A lot of the objections that are raised in the SAB in chapter two are repeats of the ones raised in chapter one, this is because they're largely concerning the supposed discrepancies between the two accounts of the creation of mankind. My progress has been slow enough already; I trust that nobody bothering to read this will mind if I don't bother with a second response, but rather move on to new material.
So, from 2:5 until the end of the chapter, the story is about the creation of mankind. I don't know which part 2:4 goes with; it could be the epilogue of the previous account, or the introduction of this account. I think it doesn't really matter. One thing that should be noted however is that 2:4 says, "in the day". This phrase is one of a handful that's poetic/figurative/whatever that I hope people won't misconstrue, and I'm glad to see that the SAB doesn't make that mistake here, at least. Often, "day" refers not to a specific 24 hour period, but a general timeframe, like when someone says, "You'll rue the day you crossed me!" They're not saying that there's a specific date on the calendar that you'll mark down and say, "Wow, that was a bad one!" but rather you'll remember the time that you did whatever you did, whether it be a single moment, or even a series of events that stretched across several years. Other words that have a common figurative meaning are "name" which often means character or reputation, and "world" which can mean humanity as a whole, the social system you are a part of, or even perhaps an era of time. Context will often tell you, but I won't pretend it isn't confusing at times.
In verse five, it says there is no "plant of the field" because there is rain and (essentially) agriculture missing from the picture. Aside from the thoughts I gave on this before, it might be noteworthy to think about the implications of there needing to be "a man to till the ground" and that this is referring to plants "of the field". Perhaps what this is saying is that there are specifically no plants like wheat and barley and other grains growing in a useful fashion. I don't know, but it seems like a possibility.
Note also in verse six that it still doesn't "rain", but instead a "mist from the earth" waters the ground. That's interesting. If you remember my goofiness about water canopy theory, I think it's interesting to ponder that perhaps it never had rained before Noah's day. That's pure speculation on my part, I admit however. That might make no sense in other ways I'm not even thinking of.
God makes the first man out of the dust. I've heard it pointed out by some theologians that everything that makes up a human body can be found in dirt. Interesting, but not really conclusive from a creation/evolution standpoint, since one would expect a creature evolving naturally by chance from its environment to take on characteristics that were consistent with its environment, if you follow me. In other words, if the earth were completely free from silicon, you'd hardly expect creatures made largely from silicon to have evolved, would you? That's another tangent, though.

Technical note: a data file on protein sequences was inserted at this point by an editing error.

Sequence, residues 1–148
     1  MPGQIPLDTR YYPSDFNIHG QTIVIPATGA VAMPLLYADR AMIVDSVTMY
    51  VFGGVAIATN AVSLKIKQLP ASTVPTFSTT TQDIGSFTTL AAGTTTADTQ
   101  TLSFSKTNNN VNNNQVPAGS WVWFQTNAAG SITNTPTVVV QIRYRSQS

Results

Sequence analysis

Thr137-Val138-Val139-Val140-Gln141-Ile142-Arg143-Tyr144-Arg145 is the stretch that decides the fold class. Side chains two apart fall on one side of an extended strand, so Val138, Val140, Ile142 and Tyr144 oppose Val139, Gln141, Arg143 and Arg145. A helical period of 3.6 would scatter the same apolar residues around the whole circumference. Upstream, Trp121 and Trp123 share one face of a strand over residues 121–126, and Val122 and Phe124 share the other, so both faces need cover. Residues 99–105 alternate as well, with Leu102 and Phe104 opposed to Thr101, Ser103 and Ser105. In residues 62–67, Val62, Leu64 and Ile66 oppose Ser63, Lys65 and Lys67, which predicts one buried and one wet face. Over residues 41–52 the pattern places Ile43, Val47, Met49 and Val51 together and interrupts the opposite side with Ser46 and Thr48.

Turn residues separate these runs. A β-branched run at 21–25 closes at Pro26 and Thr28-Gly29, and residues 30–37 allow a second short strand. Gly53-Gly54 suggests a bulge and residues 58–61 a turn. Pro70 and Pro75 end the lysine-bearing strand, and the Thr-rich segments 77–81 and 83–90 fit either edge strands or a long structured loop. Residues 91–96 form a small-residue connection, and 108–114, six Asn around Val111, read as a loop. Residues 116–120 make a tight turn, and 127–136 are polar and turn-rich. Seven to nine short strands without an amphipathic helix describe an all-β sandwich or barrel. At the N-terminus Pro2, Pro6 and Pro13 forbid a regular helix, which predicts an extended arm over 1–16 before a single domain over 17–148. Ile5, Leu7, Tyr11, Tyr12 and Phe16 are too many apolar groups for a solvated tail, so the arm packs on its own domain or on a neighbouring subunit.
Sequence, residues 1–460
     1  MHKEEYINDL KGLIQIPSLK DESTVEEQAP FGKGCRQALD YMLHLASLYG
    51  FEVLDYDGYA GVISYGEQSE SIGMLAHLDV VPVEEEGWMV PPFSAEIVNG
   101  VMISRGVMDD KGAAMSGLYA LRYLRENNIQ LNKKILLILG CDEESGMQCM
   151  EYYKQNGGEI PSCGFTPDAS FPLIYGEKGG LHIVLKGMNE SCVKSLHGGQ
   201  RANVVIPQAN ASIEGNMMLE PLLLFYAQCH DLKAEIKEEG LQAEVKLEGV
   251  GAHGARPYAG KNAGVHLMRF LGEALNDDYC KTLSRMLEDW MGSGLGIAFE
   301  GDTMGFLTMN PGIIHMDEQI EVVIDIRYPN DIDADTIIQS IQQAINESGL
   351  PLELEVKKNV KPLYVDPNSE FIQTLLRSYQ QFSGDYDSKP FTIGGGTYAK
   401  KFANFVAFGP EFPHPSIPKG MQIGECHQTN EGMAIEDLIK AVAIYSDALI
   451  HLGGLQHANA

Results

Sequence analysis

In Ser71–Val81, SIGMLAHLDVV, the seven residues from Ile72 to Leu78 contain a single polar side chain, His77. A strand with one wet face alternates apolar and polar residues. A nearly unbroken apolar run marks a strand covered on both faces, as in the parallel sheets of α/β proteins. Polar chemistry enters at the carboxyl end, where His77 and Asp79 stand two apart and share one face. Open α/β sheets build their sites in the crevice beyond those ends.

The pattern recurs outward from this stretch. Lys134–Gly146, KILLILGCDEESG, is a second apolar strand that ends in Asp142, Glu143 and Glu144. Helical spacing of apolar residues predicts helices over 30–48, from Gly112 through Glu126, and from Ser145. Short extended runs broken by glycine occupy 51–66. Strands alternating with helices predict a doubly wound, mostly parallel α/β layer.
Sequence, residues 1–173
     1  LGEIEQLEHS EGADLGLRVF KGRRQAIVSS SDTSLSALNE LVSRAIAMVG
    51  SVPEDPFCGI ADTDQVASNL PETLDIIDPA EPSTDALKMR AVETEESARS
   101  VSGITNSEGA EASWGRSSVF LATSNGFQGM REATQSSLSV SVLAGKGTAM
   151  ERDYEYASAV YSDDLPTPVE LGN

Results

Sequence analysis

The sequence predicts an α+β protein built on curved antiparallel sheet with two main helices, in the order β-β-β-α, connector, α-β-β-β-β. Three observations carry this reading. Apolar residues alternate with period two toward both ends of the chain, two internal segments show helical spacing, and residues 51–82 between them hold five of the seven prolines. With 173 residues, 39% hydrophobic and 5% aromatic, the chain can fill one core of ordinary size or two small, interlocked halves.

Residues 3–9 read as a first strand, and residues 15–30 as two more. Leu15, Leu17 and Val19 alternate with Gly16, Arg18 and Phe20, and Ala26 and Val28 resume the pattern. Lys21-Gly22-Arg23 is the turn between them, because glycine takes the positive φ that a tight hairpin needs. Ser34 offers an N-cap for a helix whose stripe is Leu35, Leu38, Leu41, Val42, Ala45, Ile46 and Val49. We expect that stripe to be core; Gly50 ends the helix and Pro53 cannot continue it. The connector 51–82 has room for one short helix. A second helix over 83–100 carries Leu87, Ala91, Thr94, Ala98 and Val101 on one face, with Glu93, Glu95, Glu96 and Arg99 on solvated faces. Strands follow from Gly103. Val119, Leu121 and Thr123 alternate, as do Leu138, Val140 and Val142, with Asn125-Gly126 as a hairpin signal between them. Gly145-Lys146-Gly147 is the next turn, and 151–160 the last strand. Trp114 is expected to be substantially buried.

After creating man, God breathes into him, making him a "living soul". I think there's meant to be a special implication here, that more than breathing air, we're somehow figuratively breathing the spirit of God. It's interesting that in Hebrew, Greek and English, the words for these concepts are closely related. ("spirit" vs. "respiration")
Then God plants a garden with everything the man needs to physically survive, including two special trees: "the tree of life" and "the tree of knowledge of good and evil." We don't hear much about either of these trees, although the "tree of life" pops up again in the Book of Revelation, chapter 22, where it grows on both sides of a river in New Jerusalem. This is interesting to me, because it shows once again the problem with taking things too literal. I once read a Christian commentary on the book of Revelation that mused, "What sort of strange tree will this be? Will it have a trunk that splits in two so it's on both sides of the river at once?" It seems obvious to me that in that passage, the "tree of life" is not a singular tree, but a kind of tree, and there will be several of that kind of tree along both banks. Does that mean that the "tree of life" in this chapter is not a specific tree, but a species, which may have had several instances in the garden? I don't know, but it's entirely a possibility.
Of course the tree we're really interested in so often is the other special tree (trees?), the one that causes all the trouble in the next chapter. Why would God put such a dangerous tree right next to his special beloved children and let them eat from it if it was so dangerous? It's a very good question, perhaps one of the best. I'm going to give it an entire post tomorrow.
The only thing left to comment on here is all the geographical information in verses 10-14. Strangely, this is a mix of places and names that are known today and not known today. What are we supposed to make of them? I think most likely, these geographical names are of very little consequence to us today. I suspect strongly that whatever they referred to no longer exists. The fact that some of the names are still used today is simply either a holdover from those times (Noah and his family named some places after the places that used to be there before the flood), or modern people labeling places with names they got out of the Bible. Either way, it doesn't matter much.